Other evidence corroborated the basic elements of Schact's and David Utegg's testimony. The trip cards made in the regular course of Maggiolo's business indicated that on the date of the accident four red 10-wheel dump trucks of Maggiolo's carried 34 loads of debris and demolition material from the renewal project to the dump yard and 20 loads of sand as well. The trucks moved along Glen Wild Road on continuous trips taking some 40 minutes for each trip and were obliged to pass the scene of the accident on each trip, going and coming.

Furthermore, a witness for the Maggiolos, Irving Newmark, Superintendent of Public Works for the Village of Woodbridge, testified concerning important elements of plaintiffs' case. He stated that Elliott was on the date of the accident cleaning mud and sand from the storm drains that had washed there from the urban renewal area project. Newmark further testified that he had received word of the accident and had investigated it, finding that a board from a passing truck was involved in the accident. On cross-examination, Newmark for the first time during his examination produced his personal notebook in which he had made notations of his investigation of the accident in his own handwriting. One of the notations made on the day of the accident recorded: "Bob (Elliott) said a board fell off one of Maggiolo's dump trucks and hit him while he was cleaning catch basins."

It was Maggiolo's defense that none of its trucks were on Glen Wild Road at the time and place of the accident; that they worked only in the afternoon on that date; that Elliott's claims were fabricated; that he suffered neither total disability nor unemployability, such claims being exaggerations, not supported by competent evidence, and made "out of the whole cloth." On appeal, Maggiolo contends Elliott's entire "trial approach was to obtain a favorable verdict, by foul means or fair. Hard proof lacking, plaintiff's trial counsel substituted technique, guile, disingenuousness, feigned naivete, etc. for proper conduct, all to the prejudice of the defendants."

While the trial does seem quite bizarre at times, we find no evidence in the record to support Maggiolo's charges of "foul means," "fabrication," paucity of proof, or prejudice. Admittedly there was some unfairness on both sides, but even in the courtroom fire is often fought with fire. As much as we abhor such tactics in a trial, it seems to us that here "the kettle is calling the skillet black." In short, there was reprehensible conduct on both sides.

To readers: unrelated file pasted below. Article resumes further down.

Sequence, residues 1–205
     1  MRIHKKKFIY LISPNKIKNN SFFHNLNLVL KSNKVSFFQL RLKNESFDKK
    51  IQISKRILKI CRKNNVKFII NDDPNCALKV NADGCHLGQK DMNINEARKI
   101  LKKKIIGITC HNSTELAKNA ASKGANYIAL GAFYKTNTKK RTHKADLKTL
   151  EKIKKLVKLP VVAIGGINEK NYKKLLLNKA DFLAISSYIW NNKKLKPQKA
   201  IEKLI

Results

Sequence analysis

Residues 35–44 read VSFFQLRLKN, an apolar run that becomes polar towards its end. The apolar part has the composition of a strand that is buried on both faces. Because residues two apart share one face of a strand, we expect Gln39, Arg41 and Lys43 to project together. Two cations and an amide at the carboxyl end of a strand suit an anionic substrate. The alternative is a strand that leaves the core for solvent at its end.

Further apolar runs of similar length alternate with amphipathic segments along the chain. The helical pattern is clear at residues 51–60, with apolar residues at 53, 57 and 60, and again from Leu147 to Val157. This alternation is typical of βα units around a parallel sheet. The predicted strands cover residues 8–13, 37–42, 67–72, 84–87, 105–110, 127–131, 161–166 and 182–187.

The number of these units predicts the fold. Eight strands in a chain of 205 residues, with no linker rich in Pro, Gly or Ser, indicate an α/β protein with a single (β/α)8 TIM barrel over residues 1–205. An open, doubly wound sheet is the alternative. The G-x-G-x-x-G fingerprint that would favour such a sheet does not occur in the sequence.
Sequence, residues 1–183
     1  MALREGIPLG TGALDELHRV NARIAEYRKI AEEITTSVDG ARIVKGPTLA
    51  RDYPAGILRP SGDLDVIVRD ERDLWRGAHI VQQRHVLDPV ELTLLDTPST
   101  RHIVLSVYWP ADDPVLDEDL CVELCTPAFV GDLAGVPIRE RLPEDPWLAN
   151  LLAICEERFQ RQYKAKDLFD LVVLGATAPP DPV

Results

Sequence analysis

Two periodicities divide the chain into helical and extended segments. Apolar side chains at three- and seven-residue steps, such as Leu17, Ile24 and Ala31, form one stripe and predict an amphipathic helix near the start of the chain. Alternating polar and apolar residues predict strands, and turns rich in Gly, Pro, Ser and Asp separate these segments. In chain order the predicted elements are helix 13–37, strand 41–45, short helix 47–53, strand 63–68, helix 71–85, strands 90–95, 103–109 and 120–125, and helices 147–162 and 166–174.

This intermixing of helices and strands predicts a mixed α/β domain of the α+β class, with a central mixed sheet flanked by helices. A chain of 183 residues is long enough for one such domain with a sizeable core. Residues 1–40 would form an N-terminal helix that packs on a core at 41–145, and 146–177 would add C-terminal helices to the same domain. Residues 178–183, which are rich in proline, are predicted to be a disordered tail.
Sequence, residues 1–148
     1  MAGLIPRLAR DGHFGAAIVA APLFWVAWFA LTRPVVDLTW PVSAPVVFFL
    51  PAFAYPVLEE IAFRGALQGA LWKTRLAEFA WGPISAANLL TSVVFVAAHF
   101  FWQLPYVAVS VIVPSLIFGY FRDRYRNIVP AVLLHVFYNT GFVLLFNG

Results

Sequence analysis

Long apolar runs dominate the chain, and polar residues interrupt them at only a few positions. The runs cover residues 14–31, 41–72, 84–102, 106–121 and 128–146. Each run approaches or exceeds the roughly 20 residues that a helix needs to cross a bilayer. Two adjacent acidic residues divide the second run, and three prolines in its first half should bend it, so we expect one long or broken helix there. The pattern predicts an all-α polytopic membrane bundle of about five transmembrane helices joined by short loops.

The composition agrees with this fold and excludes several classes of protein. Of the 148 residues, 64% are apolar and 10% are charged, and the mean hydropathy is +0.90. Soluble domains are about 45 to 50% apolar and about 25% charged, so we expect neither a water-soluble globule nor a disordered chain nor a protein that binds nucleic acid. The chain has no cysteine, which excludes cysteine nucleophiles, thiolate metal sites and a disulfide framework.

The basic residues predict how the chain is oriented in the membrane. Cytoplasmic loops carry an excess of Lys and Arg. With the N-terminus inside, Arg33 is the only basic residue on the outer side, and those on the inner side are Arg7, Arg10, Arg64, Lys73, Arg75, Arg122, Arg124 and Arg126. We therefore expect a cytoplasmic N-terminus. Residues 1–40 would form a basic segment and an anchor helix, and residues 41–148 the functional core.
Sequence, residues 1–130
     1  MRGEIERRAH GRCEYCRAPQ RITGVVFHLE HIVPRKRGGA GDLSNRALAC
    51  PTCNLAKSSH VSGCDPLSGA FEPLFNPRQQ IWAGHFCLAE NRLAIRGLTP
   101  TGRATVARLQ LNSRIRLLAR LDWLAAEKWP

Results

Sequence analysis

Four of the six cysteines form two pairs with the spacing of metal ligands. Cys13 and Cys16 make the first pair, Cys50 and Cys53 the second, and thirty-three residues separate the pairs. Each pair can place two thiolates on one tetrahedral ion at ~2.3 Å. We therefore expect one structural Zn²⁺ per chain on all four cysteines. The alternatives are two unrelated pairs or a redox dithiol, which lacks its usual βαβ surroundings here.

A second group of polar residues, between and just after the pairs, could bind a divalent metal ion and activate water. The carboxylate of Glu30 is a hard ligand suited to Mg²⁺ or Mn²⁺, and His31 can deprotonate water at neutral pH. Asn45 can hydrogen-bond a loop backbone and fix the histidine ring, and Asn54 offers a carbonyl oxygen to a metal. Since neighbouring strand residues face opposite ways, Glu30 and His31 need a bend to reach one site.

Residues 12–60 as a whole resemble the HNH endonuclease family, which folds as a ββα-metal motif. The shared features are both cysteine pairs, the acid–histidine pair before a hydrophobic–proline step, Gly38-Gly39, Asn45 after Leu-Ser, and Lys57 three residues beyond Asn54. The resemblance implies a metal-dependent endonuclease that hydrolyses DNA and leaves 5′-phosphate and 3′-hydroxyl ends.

On reading the record one cannot doubt the cause and the extent of Elliott's injuries. The recovery allowed by the jury was not so monstrous as to indicate that prejudice was present in the minds of the jury when determining liability and fixing the amount. On the contrary, Maggiolo does not even attack the jury's award. We find that hard proof was present and that it led directly to the findings of Maggiolo's liability, the Elliotts' damage, and appropriate recovery on the personal injury claim.

2. Maggiolo's Points of Error:

(a) Appellants claim that the overall conduct of Elliott's trial counsel in attempting to bridge the lack of direct proof of the plank falling from a Maggiolo truck and striking Elliott in the face was so unfair and prejudicial that reversal is required. Specifically, Maggiolo says this paucity of proof was bridged entirely by innuendo, supposition, arithmetic and circumstantial evidence, all held tenuously together by improper reference to matters excluded by the trial judge, false accusations, disingenuous statements, planted ...